In Mice, Knockout of Circadian CLOCK Genes Resembles Mania

November 4, 2019 · Posted in Theory · Comment 


Colleen McClung reviewed and extended previous findings of hers that knocking out a gene known as CLOCK in mice could reproduce most aspects of bipolar mania, including symptoms such as hyperactivity; decreased sleep; less depression; more impulsivity, risk taking, and novelty seeking; and increased reward-seeking including substances such as cocaine, alcohol, and sucrose. This syndrome in mice can be reversed by giving the mice lithium and valproate.

Knocking out the CLOCK gene produced an increased firing rate and burst firing of dopamine neurons in the ventral tegmental area (VTA). Localized knockout of the CLOCK gene in the VTA alone also reproduced the increase in dopamine cell firing.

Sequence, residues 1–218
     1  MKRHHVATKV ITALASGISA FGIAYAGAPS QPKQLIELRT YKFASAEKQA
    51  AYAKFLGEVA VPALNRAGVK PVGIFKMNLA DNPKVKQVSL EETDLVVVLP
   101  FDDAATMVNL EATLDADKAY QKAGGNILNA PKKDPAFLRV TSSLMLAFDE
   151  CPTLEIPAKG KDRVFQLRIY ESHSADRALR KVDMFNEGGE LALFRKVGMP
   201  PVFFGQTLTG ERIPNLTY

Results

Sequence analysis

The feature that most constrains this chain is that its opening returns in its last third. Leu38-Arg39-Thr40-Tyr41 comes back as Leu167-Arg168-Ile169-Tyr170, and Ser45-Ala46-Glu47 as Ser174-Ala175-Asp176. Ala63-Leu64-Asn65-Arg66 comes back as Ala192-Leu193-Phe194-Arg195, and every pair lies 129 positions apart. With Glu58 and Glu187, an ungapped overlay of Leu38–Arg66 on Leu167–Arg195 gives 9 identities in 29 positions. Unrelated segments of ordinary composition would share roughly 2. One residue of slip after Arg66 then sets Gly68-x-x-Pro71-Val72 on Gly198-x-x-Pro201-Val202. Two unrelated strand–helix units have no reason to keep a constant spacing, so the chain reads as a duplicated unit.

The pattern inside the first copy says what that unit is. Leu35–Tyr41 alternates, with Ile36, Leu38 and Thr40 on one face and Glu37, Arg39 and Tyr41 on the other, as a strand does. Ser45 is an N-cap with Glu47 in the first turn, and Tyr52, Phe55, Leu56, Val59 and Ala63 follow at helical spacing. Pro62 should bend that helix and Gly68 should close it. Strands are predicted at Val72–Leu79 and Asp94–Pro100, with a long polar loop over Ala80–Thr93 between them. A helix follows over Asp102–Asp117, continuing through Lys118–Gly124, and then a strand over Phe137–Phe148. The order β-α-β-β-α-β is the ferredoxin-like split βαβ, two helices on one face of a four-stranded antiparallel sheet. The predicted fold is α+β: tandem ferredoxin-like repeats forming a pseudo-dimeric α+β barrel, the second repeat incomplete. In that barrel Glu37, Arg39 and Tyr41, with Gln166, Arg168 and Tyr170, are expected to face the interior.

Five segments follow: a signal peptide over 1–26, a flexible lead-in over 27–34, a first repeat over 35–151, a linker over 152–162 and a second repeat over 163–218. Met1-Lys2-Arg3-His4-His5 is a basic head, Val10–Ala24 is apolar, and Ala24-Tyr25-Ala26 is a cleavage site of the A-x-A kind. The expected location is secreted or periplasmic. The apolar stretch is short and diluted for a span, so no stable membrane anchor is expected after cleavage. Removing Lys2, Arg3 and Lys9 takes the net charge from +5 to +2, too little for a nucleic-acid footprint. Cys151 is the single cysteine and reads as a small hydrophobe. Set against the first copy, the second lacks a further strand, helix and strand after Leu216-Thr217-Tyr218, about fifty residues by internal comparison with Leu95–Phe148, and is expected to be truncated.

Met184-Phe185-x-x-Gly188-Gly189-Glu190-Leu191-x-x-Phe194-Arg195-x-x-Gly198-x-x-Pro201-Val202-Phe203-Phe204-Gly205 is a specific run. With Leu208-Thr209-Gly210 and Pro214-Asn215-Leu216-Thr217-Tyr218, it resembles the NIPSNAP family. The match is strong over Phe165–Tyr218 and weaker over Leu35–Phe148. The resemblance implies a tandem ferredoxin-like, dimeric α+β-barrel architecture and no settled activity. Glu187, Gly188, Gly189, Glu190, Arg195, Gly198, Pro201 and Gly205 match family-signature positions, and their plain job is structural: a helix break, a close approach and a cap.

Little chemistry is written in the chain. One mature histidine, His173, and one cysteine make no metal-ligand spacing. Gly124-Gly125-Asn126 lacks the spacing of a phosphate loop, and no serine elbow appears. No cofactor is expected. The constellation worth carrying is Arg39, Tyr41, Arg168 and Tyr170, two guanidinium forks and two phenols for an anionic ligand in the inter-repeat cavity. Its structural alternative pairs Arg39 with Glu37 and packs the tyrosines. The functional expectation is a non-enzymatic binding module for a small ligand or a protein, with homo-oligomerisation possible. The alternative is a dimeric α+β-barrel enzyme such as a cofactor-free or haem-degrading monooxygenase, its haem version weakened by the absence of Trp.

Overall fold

When McClung and colleagues knocked out CLOCK in the medial prefrontal cortex, the normal development of a type of neurons called GABAergic parvalbumin interneurons did not occur in adolescent mice, and in adulthood, certain neural nets did not mature, leading to increases in oxidative stress, mitochondrial and cellular dysfunction, and the behavioral abnormalities that resembled mania. This animal model thus gives insight into how a genetic deficit in circadian rhythm genes in humans could influence the timing of behavioral abnormalities starting in adolescence and lasting through adulthood.